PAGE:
Some Byrne Creek History in SE Burnaby

I was contacted recently by someone wanting to know about the nature interpretive sign installed at Griffith’s Pond on Byrne Creek near Edmonds Skytrain Station in SE Burnaby, BC.

In particular the person was curious about who put the sign up, and why there was no mention of First Nations. Here’s a response that I put together:

Hi there, thank you for your interest. I don’t know all the answers to your questions, but I’ll give it a shot.

The signs were installed by the City decades ago. Yes, I agree it would be excellent to have them updated with the addition of information about local First Nations.

You can see simply by wandering/driving around Burnaby, or any other municipality around here that most names reflect settler names, places, and origins.

For example, in our ‘hood we have Nelson, Victory, Royal Oak, Imperial. . . Burnaby itself, and Burnaby Lake and Burnaby Mountain are named after a Brit who actually spent little time here, though he was active in Victoria (hey, there’s another name, eh?) for several years.

As for Byrne Creek, I have no idea how it was referred to by First Nations. Byrne rerouted and channeled the lower portion of the creek in 1893, likely for logging- and farming-related reasons.

As far as I know, there is no historical record of where Byrne Creek entered the river in its original unaltered state. It likely just dissipated into the vast wetlands and bogs that used to be on the south slope flats.

There is some information on the City of Burnaby’s website and some historical maps:

I know that over the last several years the Burnaby Village Museum has been making efforts to incorporate more First Nations history and knowledge into its displays and activities. From what I’ve read, it appears that First Nations did not have permanent settlements in south Burnaby, but regularly used the area for fishing, hunting, berry picking, etc.

As for the impact of diverting the creek, it basically destroyed it as a fish-bearing system for decades, at least for anadromous fish like salmon that move between fresh and saltwater over their life cycle. The bottom end of the diked ditch passed through a pump that did not allow fish passage.

The City of Burnaby rerouted the ditch some 35-40 years ago and installed flap gates at the mouth that allow fish passage. Volunteers from fish and game clubs, in concert with the DFO and the City, began restocking the creek starting in the late 1980s. It was basically a handful of older white guys who initiated cleaning up Byrne Creek and working with the various levels of government to get fish back.

There was a massive fish kill in 1998 that wiped out the entire creek when someone dumped a toxin down a street drain. That galvanized the community to form a streamkeeper group to help care for the creek.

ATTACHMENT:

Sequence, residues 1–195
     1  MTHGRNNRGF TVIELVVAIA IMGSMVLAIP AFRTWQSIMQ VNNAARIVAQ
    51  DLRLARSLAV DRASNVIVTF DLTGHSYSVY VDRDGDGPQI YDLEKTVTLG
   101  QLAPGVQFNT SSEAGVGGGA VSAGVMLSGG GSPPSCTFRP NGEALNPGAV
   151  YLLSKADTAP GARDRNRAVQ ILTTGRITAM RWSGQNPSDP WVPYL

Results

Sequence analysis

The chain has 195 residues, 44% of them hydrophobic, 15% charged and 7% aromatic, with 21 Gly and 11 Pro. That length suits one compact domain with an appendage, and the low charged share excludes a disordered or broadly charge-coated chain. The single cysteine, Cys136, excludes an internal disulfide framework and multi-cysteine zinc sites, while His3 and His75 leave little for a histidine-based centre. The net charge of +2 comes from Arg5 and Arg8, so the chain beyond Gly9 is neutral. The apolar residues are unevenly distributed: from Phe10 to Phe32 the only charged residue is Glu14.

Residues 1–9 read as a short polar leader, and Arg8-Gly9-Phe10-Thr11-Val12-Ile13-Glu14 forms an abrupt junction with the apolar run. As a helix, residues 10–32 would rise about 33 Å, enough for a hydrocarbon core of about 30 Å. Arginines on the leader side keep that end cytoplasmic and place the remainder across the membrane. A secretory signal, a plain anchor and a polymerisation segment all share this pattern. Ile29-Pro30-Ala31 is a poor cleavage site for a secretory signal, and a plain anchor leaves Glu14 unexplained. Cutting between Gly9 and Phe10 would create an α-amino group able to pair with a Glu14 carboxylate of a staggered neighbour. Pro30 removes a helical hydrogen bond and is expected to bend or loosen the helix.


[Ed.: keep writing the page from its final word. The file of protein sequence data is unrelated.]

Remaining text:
Blackberry Season Underway in Burnaby

On the way home from getting a few groceries in south Burnaby, BC, I spotted a patch of Himalayan Blackberries. I found a place to park, and checked them out. Seeing that about half were ripe and juicy, I emptied a water bottle so I could pick some to take home.

While considered an invasive species here, they are pervasive, next to impossible to get rid of. . . and taste delicious :-).

picking blackberries burnaby bc
Fill ‘er up!

UPDATE: Later the same day.

When Yumi finished work, we headed back down the slope to the flats and picked nearly two gallons of berries in about half an hour :-).

blackberry bonanza burnaby bc

Major Instream Work on Upper Byrne Creek

Major instream work is happening on Byrne Creek in SE #Burnaby near where it daylights around 17th.

An old culvert is being replaced with a fish-friendlier box culvert with greater flow capacity, and the streambed is being dug out, with mud being replaced with spawning-size gravel and cobble.

Whether or not salmon would get up that high to spawn is debatable, but trout certainly use the entire creek.

I was chatting with one of the workmen and he said they trapped a 10cm coho smolt way up there, when they were dewatering.

instream channel culvert upgrade byrne creek burnaby bc

Reflections on the A-Bomb Anniversary

There’s been a lot of chat about the anniversary of the dropping of atomic bombs on Hiroshima and Nagasaki.

I have visited Hiroshima several times and Nagasaki once. I have read many accounts of the horrors. I lived in Japan for 14 years and loved it.

But I always was uncomfortable with Japanese denial of any horrors that they perpetrated in the war.

There was never any mention of Japan’s imperialistic invasions of east and south Asia. Or the thousands of so-called “comfort women” of several Asian countries forced into servicing the Japanese army every place it invaded.

Any call for such recognition was met with threats of violence from right-wing Japanese groups, and that continues to this day.

While accurate numbers are hard to establish, the Japanese Imperial Army likely raped, tortured, and killed more civilians in the Nanjing Massacre alone than combined civilian deaths at Hiroshima and Nagasaki.

The conventional battles of the Pacific at places like Okinawa were also horrific, with a pervasive “fight to the last man” blindness by the Japanese army and marines. The Japanese military pressed local civilians into service, and it’s documented that civilians were forced to commit mass suicide by the Japanese military instead of being allowed to give up.

History is complex and complicated. Times and attitudes are always changing. Is there any point in debating the degree of horror of this massacre, to that genocide, to this bombing, to that. . .

I don’t know. But I believe that mass amnesia and denial is a slippery slope.

Japan has never had a Willy Brandt moment. . .

Streamkeeping, sustainability, community, business, photography, books, and animals, with occasional forays into social commentary. Text and Photos © Paul Cipywnyk